Ivan Rabb (white jersey) is a 6' 10", 230-pound powerhouse. And he's only 17.
Editor's Note: This is one of many dispatches from Oakland that San Francisco magazine is publishing over the next month, all part of our June "Oakland Issue." To see the rest of the issue's contents, and to read stories as they become available online, click here.
Ivan Rabb’s day would make a stumping politician sweat: up before dawn, a workout at 7 a.m., breakfast, school from 8:30 a.m. to 3 p.m., study hall until 5:30 p.m., another workout, practice until 7 p.m., then back home for dinner and another few hours of schoolwork. Thing is, he’s only 17. But you don’t become ESPN’s number one high school junior basketballer in the country without hustling. A lot.
When I arrive at Bishop O’Dowd High School, a college prep school off 98th Avenue in the Oakland foothills, Rabb has just finished a session with University of Arizona coach Sean Miller, who has flown to California to meet him. Such encounters are a regular occurrence for Rabb, who for months now has been receiving texts and calls from college recruiters telling him that he’s the greatest thing since the alley-oop. My initial plan is to take him to a Friday-night Warriors game, but he can’t swing it: He has just returned from Chicago and the McDonald’s All-American Game (just watching—it’s for seniors only) and has to catch up on homework. If all this sounds stressful, it is. Rabb must choose from among 351 Division 1 basketball programs—a decision that will have consequences not only for him and his family but also, in a wider sense, for Oakland’s basketball scene, long one of the city’s greatest legacies.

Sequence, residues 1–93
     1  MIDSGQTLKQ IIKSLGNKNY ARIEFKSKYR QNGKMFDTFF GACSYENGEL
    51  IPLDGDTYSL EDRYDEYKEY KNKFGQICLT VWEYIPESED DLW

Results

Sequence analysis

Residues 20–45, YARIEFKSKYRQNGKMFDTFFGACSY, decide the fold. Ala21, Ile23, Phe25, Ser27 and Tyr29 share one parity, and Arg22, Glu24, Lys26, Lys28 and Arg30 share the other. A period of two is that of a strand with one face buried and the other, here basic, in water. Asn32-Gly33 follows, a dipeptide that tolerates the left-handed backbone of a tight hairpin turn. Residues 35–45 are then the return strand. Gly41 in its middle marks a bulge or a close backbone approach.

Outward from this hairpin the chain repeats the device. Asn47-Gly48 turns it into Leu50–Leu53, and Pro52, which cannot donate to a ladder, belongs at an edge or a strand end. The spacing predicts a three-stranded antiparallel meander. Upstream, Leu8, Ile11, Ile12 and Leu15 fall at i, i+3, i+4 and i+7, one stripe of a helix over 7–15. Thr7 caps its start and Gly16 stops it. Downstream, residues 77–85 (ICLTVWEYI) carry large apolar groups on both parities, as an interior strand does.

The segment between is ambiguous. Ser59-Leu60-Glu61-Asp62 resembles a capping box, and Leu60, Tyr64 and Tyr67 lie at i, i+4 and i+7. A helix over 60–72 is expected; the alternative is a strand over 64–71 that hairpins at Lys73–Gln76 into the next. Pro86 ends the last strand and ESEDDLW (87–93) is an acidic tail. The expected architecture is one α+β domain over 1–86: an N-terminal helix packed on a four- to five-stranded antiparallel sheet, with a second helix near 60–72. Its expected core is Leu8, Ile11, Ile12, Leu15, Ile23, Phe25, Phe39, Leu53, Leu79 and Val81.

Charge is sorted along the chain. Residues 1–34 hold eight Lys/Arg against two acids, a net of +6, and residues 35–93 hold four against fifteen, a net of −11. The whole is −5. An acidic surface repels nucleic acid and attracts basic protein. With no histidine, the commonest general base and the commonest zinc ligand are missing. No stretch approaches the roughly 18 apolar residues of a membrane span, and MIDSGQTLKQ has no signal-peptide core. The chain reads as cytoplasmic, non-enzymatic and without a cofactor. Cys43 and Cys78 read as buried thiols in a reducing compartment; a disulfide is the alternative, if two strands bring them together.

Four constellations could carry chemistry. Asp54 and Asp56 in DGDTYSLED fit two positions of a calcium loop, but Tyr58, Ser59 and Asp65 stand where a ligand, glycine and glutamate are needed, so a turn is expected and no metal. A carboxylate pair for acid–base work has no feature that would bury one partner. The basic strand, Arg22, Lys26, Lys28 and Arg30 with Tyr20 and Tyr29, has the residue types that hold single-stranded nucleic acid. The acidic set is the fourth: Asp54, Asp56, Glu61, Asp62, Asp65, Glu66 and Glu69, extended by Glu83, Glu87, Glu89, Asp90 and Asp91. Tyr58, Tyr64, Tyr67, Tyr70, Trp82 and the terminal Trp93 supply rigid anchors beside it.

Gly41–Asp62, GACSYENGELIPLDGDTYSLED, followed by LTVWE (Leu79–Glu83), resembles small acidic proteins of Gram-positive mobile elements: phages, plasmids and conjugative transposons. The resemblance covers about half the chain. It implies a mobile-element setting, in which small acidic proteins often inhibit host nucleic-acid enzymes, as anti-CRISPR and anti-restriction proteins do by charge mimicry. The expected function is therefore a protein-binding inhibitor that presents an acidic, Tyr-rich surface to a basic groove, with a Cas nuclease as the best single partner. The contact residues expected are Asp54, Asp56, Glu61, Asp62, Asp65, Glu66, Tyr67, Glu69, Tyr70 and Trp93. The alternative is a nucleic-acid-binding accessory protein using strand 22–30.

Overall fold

Rabb grew up in East Oakland, “below the hill,” as he says, where he learned the game by shooting baskets into a milk crate with the bottom cut out. The first few times that his high school coach, Lou Richie, tried to drop him off after practice, his block was cordoned off by police. But Rabb describes his neighbors as “strong people, with toughness, good hearts, and intelligence, even if it’s not always put to good use.” His father, a construction worker and ex-marine, and his mother, the proprietor of a Cajun soul kitchen across the street from Bishop O’Dowd (get the blackened catfish), have instilled in him a deep pride about his origins.
Rabb, who says that he was an “untalented” player until middle school, is now an ambidextrous, 6-foot, 10-inch, 230-pound power forward—and still growing. He’s been a standout on the city’s best AAU team, the Oakland Soldiers (LeBron played for them a few summers; Tupac wrote their theme song), since joining the summer ball team in seventh grade. Scouts praise him for his “soft hands,” his “bounce,” and his surgical shot-blocking ability. (To see the full panoply of these skills, check out the YouTube video “Ivan Rabb the #1 Player in Class of 2015!?”) This season at Bishop O’Dowd, he averaged 27 points, 14 rebounds, and 11 deflections (a combo of blocks and steals). And he’s disciplined: Despite those impressive numbers, he’s been in foul trouble just once in three years.
But in Oakland, ability alone promises nothing. For every Jason Kidd, Gary Payton, Brian Shaw, or Damian Lillard, there’s a Demetrius “Hook” Mitchell, the playground legend who used to 360-dunk over cars before he went to jail. Rabb, who is as soft-spoken as he is tall, understands how easily talent is defeated in East Oakland and how precarious the road to success can be. “You learn about Hook when you’re just a kid,” he says.
When I ask Rabb if his ultimate goal is making the NBA, getting a college education, or just representing his community, he replies, “All of the above.” For now, though, he has to settle for being the next next best thing. And he’s running late for practice, and he still has to catch up on homework, and then there are all the other distractions (including his 5,200 Twitter followers). As we’re walking down the hallway of his high school, a group of excitable students begin playfully taunting.
“Arizona is here, Ivannnn,” a cute girl with braces says. “Tell them they need to come talk to me...”
Originally published in the June Issue of San Francisco.